By Jeremy B. White
Published: Friday, Jun. 28, 2013 – 12:00 am
Last Modified: Friday, Jun. 28, 2013 – 8:34 am

Who can defend an orphaned ballot initiative?

The question gained resonance Wednesday after the U.S. Supreme Court ruled that proponents of Proposition 8, California’s voter-approved ban on same-sex marriage, had no standing to pursue their appeal once California officials declined to defend the embattled law.

The decision spurred questions about the legal recourse available to supporters of ballot measures state officials decide to abandon.

It especially troubles critics who worry politicians could quietly condemn voter-approved measures by refusing to defend them in federal court.

“It leaves the backers of the initiative and the voters subject to the whims of the elected officials,” said Harold Johnson, an attorney with the Pacific Legal Foundation, “and that undermines the whole purpose of the initiative system, which is to empower people to go around the politicians and make the laws themselves.”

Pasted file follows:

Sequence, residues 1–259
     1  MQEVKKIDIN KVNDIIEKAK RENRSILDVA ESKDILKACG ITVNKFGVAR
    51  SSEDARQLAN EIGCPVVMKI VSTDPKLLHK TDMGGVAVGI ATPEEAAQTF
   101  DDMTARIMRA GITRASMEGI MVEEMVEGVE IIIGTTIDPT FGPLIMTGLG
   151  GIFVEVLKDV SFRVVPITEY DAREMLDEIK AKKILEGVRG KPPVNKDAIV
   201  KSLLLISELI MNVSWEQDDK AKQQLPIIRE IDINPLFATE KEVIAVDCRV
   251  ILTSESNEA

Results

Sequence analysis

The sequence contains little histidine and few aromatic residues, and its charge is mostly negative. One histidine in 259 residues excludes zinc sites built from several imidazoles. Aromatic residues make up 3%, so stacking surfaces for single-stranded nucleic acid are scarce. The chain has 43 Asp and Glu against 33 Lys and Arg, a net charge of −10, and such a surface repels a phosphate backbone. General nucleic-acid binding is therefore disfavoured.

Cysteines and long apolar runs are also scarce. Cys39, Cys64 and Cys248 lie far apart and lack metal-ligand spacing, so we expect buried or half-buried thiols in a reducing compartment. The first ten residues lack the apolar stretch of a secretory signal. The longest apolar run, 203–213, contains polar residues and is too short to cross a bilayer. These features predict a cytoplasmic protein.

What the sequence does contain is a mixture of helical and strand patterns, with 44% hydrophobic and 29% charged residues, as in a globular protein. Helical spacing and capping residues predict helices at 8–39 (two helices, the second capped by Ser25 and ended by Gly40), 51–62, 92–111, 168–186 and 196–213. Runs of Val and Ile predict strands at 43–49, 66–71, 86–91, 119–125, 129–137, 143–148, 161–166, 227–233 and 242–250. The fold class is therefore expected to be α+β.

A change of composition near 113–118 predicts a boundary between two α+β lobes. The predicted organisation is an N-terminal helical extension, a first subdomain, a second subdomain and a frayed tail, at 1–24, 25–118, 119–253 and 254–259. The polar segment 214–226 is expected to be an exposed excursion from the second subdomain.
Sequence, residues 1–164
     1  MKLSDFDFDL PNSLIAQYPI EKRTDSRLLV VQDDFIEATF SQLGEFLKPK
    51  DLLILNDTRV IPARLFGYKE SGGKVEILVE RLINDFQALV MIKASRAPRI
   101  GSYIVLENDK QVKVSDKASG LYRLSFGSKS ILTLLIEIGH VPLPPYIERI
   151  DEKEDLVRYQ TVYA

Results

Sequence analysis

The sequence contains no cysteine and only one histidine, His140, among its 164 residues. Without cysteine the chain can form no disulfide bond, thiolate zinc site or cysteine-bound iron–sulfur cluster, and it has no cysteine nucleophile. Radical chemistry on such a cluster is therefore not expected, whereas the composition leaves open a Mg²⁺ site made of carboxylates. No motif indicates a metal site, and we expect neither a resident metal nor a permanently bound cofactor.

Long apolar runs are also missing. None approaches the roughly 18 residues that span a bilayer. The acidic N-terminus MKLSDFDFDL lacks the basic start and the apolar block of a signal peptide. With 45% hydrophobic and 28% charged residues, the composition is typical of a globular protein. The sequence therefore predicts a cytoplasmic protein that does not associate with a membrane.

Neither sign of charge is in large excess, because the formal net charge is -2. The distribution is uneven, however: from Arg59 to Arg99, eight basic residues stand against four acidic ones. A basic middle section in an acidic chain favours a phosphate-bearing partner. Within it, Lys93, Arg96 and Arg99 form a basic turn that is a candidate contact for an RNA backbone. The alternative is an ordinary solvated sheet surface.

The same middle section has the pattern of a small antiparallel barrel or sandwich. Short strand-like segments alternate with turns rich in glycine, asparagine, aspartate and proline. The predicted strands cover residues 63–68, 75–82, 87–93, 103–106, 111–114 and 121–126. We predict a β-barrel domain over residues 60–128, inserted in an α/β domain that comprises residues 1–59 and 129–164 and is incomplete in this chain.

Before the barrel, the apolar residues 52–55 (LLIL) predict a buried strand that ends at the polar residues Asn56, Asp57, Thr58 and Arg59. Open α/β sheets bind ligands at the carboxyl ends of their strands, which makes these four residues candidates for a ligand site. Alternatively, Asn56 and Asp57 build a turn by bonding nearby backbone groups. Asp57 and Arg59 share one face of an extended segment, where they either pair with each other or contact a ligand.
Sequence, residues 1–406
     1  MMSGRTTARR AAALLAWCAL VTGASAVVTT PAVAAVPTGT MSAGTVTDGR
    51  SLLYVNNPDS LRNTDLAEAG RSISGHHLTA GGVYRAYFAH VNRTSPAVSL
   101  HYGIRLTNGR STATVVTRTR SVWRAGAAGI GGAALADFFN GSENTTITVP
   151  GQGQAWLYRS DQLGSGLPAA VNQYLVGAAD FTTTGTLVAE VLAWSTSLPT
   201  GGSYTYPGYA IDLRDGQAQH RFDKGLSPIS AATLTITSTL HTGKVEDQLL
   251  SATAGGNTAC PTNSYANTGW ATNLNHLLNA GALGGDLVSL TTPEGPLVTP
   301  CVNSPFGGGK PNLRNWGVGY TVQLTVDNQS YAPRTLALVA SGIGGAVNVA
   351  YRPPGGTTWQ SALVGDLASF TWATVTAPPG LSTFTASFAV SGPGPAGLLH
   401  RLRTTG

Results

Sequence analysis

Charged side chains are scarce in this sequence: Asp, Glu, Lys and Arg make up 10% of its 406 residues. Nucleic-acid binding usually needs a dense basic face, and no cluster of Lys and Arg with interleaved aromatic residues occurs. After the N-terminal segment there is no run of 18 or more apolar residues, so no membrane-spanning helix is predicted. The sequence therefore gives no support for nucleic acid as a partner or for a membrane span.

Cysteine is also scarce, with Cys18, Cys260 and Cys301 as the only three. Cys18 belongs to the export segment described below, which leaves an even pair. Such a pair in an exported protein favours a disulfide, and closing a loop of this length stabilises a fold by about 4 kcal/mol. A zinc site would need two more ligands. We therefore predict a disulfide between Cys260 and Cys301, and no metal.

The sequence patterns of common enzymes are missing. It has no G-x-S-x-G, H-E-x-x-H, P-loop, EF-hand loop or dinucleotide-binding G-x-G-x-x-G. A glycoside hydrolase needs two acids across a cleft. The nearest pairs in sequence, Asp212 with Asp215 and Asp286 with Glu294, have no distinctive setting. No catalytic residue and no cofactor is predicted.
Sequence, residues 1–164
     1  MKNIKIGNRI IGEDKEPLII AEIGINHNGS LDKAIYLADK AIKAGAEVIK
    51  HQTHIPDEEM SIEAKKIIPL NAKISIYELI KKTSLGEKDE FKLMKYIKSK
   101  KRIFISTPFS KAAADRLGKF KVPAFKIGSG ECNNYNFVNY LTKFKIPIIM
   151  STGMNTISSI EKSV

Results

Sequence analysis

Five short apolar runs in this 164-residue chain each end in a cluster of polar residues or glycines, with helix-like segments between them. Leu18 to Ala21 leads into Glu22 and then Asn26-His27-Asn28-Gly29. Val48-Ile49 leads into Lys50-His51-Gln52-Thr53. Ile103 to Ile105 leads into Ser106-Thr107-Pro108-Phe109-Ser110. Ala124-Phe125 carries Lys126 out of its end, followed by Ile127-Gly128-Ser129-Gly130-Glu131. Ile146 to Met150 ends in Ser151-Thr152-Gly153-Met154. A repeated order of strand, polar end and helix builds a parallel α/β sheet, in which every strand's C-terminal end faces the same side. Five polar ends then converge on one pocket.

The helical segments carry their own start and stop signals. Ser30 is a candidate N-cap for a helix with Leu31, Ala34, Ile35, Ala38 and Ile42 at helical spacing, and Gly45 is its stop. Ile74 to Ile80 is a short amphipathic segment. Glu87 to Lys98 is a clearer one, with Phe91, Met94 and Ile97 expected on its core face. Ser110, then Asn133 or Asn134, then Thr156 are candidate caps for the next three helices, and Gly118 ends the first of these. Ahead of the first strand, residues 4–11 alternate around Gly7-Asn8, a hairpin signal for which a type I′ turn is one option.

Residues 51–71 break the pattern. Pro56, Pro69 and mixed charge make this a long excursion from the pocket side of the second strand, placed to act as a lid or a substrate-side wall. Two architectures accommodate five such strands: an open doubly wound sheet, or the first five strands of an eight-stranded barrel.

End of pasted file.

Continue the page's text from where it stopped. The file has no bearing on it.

The Supreme Court’s ruling preserved a 2010 decision by U.S. District Judge Vaughn Walker striking down Proposition 8. It also vindicated the decision by then-Gov. Arnold Schwarzenegger and then-Attorney General Jerry Brown not to defend Proposition 8 in court.

In their absence, the initiative’s sponsors stepped in to challenge Walker’s decision.

The case made its way to the U.S. Supreme Court. There, rather than weigh the constitutional merits of Proposition 8, the justices ruled that proponents could not shoulder California’s forfeited role as the measure’s advocate.

Key to the court’s interpretation is the legal doctrine that, to have standing, parties in a case must have suffered some tangible consequences – “injury,” in legal parlance.

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